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This Bellanca aircraft has a square fuselage cross section, with flat panel windows. It is powered by a radial piston engine. Typical are the two wings struts on each side, with their long chord, at least the lower three quarts.
Beriev A40 Albatross
The Beriev A40 Albatross amphibian aircraft has an unusual configuration with jet engines on top of and behind the high wings. It has a long nose, stabilising floats near the wing tips, a bullet fairing on top of the vertical stabiliser and a main landing gear with four wheels. (photo: Mike Freer/WikiMedia)
After the failure of the Beriev A40 the company made a smaller version, designated Be-200. It has a short nose, engines with separate fan exhaust, no bullet fairing at the top of the tail and two wheel main landing gears.
Like many of its contempories the Blériot XI has a largely open frame fuselage with square cross section. The wings are curved, flat surfaces without ailerons or other flaps. They are braced by wires. The aircraft has no vertical fin, just a large rudder at the end of the fuselage.
The main characteristics of this twin vertical tail, twin engine fighter are the cropped delta shaped wings, wedge shaped air intakes at the side of the fuselage and bubble canopy. Distinctive compared to similar aircraft are the tops of the vertical stabilisers, with a sort of antennas pointing forward.
The outward tilted double vertical stabilisers of the Hornet are placed relatively far forward on the top fuselage, with long tail pipes extending beyond. Another distinctive feature are the leading edge root extentions of the wings, along the fuselage all the way up to the cockpit. The aircraft shows a large resemblance with the Northrop YF-17 Cobra, from which it was developed.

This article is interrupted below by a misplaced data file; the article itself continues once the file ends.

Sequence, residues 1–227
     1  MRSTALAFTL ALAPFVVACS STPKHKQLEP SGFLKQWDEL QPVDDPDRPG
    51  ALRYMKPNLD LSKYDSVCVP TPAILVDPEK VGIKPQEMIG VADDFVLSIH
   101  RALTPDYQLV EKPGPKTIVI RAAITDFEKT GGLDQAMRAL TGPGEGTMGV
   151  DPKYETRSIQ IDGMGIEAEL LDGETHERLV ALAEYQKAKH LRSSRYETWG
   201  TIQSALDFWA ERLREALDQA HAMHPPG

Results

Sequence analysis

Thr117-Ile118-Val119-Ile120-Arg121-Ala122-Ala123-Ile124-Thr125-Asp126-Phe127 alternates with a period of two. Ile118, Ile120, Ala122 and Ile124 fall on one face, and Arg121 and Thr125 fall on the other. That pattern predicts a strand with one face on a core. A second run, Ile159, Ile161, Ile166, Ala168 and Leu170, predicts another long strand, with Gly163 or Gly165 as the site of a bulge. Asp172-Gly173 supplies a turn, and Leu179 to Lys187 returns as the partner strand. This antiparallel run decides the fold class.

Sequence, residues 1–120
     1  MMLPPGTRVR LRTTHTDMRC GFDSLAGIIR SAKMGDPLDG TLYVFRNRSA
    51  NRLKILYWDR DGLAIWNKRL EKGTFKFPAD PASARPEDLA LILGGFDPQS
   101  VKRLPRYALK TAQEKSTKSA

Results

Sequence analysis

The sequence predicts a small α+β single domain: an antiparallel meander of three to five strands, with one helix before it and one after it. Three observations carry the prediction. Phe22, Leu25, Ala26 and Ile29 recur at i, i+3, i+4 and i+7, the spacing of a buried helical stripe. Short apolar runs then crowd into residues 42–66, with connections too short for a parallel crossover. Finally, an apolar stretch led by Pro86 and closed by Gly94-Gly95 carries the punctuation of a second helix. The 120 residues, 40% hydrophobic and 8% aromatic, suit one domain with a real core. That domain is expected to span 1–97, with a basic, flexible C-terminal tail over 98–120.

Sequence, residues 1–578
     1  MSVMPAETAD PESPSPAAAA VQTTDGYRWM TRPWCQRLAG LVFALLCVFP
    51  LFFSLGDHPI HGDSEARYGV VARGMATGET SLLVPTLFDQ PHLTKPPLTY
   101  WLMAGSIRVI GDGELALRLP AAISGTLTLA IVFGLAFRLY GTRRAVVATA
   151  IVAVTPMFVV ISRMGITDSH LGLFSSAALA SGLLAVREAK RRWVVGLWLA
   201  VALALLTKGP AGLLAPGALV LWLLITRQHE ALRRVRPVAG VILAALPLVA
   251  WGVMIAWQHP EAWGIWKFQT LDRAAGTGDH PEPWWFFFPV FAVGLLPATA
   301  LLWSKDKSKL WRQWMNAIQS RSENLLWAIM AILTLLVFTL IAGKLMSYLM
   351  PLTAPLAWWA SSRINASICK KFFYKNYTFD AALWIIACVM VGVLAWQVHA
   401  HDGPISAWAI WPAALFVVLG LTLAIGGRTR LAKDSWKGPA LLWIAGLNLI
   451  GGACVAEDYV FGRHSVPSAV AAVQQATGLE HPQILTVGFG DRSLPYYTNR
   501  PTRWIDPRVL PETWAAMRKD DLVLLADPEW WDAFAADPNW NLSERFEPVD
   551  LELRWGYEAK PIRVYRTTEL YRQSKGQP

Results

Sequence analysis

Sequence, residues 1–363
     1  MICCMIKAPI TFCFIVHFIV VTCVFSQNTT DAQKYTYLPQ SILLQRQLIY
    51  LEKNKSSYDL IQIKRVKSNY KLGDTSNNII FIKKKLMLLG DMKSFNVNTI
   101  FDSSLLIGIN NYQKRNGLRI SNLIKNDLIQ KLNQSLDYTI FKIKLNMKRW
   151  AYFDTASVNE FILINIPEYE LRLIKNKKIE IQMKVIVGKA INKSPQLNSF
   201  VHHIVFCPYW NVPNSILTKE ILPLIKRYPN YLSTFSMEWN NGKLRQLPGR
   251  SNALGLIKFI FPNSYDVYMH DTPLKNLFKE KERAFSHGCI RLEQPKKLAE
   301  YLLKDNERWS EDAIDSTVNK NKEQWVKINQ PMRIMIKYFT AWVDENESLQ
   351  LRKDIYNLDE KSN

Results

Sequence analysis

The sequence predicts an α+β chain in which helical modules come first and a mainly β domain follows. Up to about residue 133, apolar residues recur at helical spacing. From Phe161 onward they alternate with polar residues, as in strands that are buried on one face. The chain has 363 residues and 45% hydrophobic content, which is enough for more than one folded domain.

The W-shaped struts between the upper and lower wings seem to be a key feature of the Boeing P-12/F4B fighter, as are the two double strings between the upper wings and the fuselage, near the gear attachment. The vertical fin is low, nearly a trapezium. It only comes with a radial piston engine.
The first all-metal Boeing passenger aircraft is somewhat smaller than the famous Douglas DC-2/DC-3, but bigger than the Beech 18 and Lockheed 14 and 18. With all it shares the same external appearance, except for the tail. For easy recognition look for the single vertical stabiliser with its straight leading edge and curved trailing edge.
This early Boeing aircraft has an open cockpit for the pilot, sitting behind the cabin. This cabin is behind the radial engine. Typical are the short wing struts between the lower wings and the forward fuselage.
The Boeing 707 has a lot of different versions, civil and military. Nearly all can be easily recognised by the antenna pointing forward at the top of the vertical stabiliser. Also they share the cockpit windows with two eyebrow windows on each side, and the V-shaped low edge of the side windows.